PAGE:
Digitalization could contribute to Africa’s faster development. The American Internet company Google has said it plans to invest $1 billion in Africa over the next five years to provide local access to faster Internet.
The firm promised to support startups to support the digital transformation of the continent.
Accelerating the development of Internet infrastructure in Africa will obviously help to bridge the global digital divide. However, some American media recently claimed that Chinese telecommunications networks are “occupying the cyberspace of Africa with unprecedented speed, exerting political influence.”
Why are some American media and politicians still looking at China-Africa Internet cooperation with such bias? The essence of their concern is that, compared to the development of cooperation between China and Africa, the United States has done too little to promote the modernization of Africa.
Africa’s development prospects have never been a real concern of the US. After World War II, the United States began to pay attention to Africa because of the need to compete with the Soviet Union to become the only world superpower.
Now the US is vilifying the win-win Sino-African cooperation. Sino-African cooperation brings tangible benefits to the local population. The successes achieved are reflected not only in the material infrastructure, such as dams, electrical networks and drainage systems, but also in the significant improvement of educational and sanitation conditions. Many surveys conducted by American institutions in Africa show that China has become the most popular country among the African population.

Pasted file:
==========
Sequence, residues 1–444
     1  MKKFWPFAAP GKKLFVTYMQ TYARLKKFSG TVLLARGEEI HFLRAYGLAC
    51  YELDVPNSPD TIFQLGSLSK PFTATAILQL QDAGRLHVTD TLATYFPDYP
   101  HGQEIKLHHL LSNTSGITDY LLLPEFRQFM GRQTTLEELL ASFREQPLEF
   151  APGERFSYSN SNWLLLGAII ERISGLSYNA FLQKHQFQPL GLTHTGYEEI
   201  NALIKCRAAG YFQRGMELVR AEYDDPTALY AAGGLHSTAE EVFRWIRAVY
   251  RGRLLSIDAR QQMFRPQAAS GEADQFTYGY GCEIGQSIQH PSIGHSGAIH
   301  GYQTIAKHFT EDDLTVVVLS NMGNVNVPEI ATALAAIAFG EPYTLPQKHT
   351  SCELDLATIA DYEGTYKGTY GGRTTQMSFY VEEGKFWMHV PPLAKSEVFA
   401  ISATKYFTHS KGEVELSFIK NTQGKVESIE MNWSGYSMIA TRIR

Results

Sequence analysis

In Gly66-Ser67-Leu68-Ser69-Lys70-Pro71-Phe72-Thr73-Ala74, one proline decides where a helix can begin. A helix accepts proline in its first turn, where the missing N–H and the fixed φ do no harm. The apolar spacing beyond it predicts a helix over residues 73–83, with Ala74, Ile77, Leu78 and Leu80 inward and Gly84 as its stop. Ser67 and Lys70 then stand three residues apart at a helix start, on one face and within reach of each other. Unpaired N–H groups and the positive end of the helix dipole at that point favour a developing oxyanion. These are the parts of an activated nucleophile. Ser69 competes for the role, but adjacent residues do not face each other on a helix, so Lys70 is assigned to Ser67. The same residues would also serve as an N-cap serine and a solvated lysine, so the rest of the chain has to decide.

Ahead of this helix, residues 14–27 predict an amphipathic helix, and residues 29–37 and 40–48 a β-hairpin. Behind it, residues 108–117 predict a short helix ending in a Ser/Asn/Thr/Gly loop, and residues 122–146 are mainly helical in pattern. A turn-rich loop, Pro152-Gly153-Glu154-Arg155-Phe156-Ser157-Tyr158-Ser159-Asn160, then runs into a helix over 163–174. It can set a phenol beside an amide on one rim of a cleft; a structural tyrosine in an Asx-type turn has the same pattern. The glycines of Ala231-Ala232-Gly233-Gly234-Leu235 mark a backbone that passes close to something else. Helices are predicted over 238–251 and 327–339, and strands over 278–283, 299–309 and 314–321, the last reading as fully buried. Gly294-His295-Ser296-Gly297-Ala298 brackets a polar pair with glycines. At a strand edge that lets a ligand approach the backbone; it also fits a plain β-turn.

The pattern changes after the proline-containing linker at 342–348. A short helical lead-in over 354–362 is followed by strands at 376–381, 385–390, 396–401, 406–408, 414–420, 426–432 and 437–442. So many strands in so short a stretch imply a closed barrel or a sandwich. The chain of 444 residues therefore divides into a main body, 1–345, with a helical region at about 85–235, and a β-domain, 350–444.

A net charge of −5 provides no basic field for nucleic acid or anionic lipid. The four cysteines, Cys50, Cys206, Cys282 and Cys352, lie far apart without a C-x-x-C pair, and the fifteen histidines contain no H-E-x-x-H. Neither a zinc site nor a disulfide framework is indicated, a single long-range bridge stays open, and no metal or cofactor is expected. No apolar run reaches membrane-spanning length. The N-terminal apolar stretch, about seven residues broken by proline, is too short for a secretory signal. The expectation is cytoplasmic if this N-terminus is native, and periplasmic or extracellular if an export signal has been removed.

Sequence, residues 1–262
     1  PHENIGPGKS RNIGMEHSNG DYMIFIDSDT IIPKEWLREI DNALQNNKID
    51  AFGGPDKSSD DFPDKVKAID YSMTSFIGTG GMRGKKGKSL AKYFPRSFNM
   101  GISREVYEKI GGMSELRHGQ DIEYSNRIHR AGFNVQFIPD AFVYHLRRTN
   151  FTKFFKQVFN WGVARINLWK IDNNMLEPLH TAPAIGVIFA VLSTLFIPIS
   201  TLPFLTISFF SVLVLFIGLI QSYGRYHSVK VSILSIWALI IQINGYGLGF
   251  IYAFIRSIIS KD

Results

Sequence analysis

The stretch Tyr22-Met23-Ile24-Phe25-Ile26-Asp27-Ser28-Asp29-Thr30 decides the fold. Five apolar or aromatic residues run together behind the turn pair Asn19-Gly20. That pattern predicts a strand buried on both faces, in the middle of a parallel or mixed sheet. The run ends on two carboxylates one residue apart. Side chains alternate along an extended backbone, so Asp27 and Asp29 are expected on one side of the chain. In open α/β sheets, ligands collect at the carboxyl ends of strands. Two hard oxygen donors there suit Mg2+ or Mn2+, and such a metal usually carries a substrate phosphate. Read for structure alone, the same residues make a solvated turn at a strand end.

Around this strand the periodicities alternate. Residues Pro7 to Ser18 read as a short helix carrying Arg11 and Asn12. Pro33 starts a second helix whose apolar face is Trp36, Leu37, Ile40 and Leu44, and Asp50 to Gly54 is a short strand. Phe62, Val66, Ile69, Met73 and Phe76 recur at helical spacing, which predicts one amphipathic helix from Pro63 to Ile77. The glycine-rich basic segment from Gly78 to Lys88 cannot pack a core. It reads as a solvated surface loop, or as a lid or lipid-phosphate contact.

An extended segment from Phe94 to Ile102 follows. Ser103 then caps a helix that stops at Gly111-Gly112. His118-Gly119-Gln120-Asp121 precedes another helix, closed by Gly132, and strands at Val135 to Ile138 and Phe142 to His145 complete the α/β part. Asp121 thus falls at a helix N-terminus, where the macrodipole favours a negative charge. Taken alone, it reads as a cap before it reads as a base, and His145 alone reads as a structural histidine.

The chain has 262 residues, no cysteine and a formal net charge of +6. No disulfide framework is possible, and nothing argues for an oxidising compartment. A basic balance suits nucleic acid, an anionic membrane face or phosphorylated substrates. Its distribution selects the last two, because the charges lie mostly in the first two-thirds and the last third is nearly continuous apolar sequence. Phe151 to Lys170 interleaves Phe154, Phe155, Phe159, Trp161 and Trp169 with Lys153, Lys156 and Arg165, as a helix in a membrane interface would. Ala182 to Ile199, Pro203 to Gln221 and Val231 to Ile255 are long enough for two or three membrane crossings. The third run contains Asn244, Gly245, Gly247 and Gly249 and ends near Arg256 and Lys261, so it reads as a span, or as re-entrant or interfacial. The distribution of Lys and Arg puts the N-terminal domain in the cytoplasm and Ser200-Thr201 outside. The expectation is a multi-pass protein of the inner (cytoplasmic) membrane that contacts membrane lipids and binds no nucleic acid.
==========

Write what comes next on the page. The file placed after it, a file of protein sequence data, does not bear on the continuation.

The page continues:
Digital development has become a precious opportunity for Africa. Digital transformation leads to a new economic revolution, and economic development and growth can only be achieved by following the trend of digital development. In addition, the outbreak of the COVID-19 pandemic has made humanity more dependent on technology than ever before, and the development of the digital economy has opened up a rare opportunity. In this context, Africa’s digital development should be taken seriously and the digital divide between Africa and developed countries should be narrowed.
In the context of global development, more attention is being paid to how to promote digital connectivity in developing countries. According to a review published by the WTO Aid for Trade Initiative, the demand for telecommunications infrastructure in developing countries is constantly growing, and all of them have expressed concern to varying degrees about the inability to be included in the global value chain. This requires the support of the international community, and China is really making efforts in this area.
As one of the fastest growing continents in the world, Africa is experiencing a higher demand for digitalization. According to a report by the Africa Data Center Association, Africa needs 1,000 MW of new capacity, or about 700 new data centers. For Africa, harnessing the opportunities of digital development requires a long-term vision and political wisdom.